Well that’s just fantastic, now Ah Ro is going to die because she knows Ji-dwi is the king. Considering that several people have already met their ends just for accidentally seeing the king’s face, I really don’t see how she’s going to get out of this. Obviously she will, or we’d have no love story, and I’m actually pretty interested to see how the dynamic between her and Ji-dwi changes now that she knows he’s actually the king.

I’m glad to see Princess Sookmyung finally make her appearance, and not just because I really, really love Seo Ye-ji as an actress. The show does feel a little unbalanced with so many men and only two female characters, so introducing a new, strong woman into the mix is a breath of fresh air. I like the princess already, particularly how she feels like a female version of Ji-dwi — strong, capable, independent, yet stuck in her role and unhappy at being forced to live a life she doesn’t want. I’m very much looking forward to seeing how she fits into the Hwarang brotherhood, and what she can do to shake up the queen regent’s plans for Ji-dwi. (And to avoid confusion, Princess Sookmyung is the queen regent’s daughter, and Ji-dwi’s half-sister, who were married in real life. Silla royals married within their own families to keep the “sacred bone” bloodline pure. No judgments from me — it was a different world and a different time.)

Speaking of royal children, I’m about fed up with Ji-dwi right now. It’s one thing when a second lead gets mixed messages from their love interest and pursues them based on that, but there is nothing mixed about the messages Ah Ro repeatedly sends to Ji-dwi. She has made it crystal clear that she is not interested, not even a little bit, no really, she’s not interested. And yet he continues to hound her, pressing her to change her mind about him, when it’s obvious to anyone with half a brain where her heart lies. I’m not saying Ji-dwi is a bad guy, or that his wooing hasn’t become a lot more respectful, because it has. But the very fact that he’s still doing it when Ah Ro has told him no over and over is making me lose sympathy for him.

I was willing to give Ji-dwi a small pass for a little while based on the fact that he was probably raised being handed everything he ever wanted. But he’s shown in other ways that he’s intelligent, insightful, and mature, so I’m not really buying the spoiled young king explanation anymore. Nor do I excuse his behavior based on cultural norms at the time, that the king could have any woman he wanted. Yes, Ji-dwi could probably wait until he’s outed as king then order Ah Ro to become his concubine, but that’s not what he wants. He wants her heart, and that’s not something you can force just because you’re the guy in charge. It’s time for him to accept that, king or not, it’s not going to happen.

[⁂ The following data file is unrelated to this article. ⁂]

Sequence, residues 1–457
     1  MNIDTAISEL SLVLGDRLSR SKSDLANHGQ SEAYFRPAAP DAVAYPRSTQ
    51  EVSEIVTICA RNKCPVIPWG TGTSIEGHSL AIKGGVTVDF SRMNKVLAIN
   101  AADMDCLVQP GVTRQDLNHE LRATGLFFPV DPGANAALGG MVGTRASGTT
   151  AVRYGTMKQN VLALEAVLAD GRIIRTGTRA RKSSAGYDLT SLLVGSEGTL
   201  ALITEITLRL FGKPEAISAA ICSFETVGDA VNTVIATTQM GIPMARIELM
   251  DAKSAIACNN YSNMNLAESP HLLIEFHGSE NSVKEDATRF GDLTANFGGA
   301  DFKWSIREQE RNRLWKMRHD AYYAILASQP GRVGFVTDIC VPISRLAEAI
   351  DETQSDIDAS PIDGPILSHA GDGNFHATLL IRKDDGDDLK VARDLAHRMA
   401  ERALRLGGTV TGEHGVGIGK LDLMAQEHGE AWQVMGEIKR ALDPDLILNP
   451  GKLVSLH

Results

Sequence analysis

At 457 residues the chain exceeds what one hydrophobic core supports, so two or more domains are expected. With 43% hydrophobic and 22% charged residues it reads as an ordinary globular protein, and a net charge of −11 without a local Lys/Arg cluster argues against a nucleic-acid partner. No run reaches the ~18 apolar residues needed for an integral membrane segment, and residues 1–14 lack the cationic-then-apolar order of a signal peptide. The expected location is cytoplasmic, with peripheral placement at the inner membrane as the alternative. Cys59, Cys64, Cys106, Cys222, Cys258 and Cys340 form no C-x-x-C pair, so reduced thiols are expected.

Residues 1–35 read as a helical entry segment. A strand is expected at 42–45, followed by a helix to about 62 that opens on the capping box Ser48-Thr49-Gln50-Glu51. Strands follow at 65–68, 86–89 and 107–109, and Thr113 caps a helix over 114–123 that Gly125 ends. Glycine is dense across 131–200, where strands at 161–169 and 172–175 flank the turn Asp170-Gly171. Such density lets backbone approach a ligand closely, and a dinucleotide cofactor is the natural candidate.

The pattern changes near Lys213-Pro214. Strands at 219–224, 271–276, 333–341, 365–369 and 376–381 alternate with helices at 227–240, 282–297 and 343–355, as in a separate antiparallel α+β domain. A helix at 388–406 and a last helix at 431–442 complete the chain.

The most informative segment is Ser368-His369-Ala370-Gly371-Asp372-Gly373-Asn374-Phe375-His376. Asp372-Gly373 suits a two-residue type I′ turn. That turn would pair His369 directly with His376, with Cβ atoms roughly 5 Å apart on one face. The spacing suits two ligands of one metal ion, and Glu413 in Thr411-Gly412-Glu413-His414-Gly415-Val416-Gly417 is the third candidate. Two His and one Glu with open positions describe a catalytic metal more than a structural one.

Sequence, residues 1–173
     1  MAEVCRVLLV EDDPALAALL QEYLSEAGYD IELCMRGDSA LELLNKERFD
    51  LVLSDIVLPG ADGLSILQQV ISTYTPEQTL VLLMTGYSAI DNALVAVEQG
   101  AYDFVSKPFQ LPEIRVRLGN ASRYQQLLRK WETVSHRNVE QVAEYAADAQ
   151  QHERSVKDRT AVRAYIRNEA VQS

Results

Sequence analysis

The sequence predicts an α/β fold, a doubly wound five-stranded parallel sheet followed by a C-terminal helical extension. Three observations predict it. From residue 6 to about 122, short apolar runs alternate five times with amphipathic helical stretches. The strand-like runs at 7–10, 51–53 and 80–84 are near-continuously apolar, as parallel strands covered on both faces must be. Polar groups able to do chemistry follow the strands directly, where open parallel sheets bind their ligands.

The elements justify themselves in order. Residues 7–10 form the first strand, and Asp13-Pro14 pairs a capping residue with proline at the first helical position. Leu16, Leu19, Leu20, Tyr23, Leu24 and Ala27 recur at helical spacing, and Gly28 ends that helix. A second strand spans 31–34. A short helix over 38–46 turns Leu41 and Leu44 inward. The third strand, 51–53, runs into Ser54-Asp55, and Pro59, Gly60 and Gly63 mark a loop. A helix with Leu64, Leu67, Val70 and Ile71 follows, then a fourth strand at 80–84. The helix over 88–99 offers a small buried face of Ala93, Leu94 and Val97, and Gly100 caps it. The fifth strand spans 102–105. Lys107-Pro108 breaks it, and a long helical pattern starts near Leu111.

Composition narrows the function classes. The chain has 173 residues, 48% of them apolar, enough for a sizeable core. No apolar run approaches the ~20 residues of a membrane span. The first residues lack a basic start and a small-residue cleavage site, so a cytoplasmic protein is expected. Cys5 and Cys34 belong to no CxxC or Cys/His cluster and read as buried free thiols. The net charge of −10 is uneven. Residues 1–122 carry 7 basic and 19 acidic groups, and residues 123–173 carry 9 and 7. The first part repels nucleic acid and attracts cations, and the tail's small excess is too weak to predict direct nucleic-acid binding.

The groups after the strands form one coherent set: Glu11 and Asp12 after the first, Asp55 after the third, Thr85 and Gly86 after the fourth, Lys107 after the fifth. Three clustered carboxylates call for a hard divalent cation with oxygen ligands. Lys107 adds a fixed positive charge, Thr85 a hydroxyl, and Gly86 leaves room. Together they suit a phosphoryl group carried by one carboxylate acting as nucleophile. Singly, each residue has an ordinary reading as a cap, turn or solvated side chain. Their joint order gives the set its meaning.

As much as I’m glad that the whole false-brother secret is out, seeing the pain that the truth caused both Ah Ro and Sun-woo is hard to watch. I do admit feeling a bit confused by Ah Ro’s anger being almost entirely aimed at Sun-woo, because while I understand that she feels betrayed by his lies, he’s not the only one lying to her (not to mention, where was the grief over the discovery that her real brother is dead?). I can’t help but wonder why she didn’t confront her father to ask why he’s going along with this, because he can afford to be more open about the true reason why he asked Sun-woo to take his son’s identity. I see Ji-gong as the more responsible party in the lie, because the whole thing was his idea. And Sun-woo didn’t have much of a choice if he wanted to find the person who killed Mak Mun and make them pay.

However, Sun-woo’s pain felt very real and very understandable to me. I do recognize that that’s in no small part due to the fact that Park Seo-joon’s performance resonates more with me than Go Ara’s, but I think that for me, it’s also because he’s just got so little in this world. His pact with Ah Ro to take care of each other, even aside from their growing feelings for each other, is pretty much the only good thing Sun-woo has in his life right now. He’s given up what little he had to avenge the death of his friend, her real brother, and he’s made it clear that he intends to see this through as far as he needs to in order to make things right. But the spark of happiness that was finally returning to his eyes has died again, and it’s difficult to see him walking around looking like he’s got nothing to truly live for, again.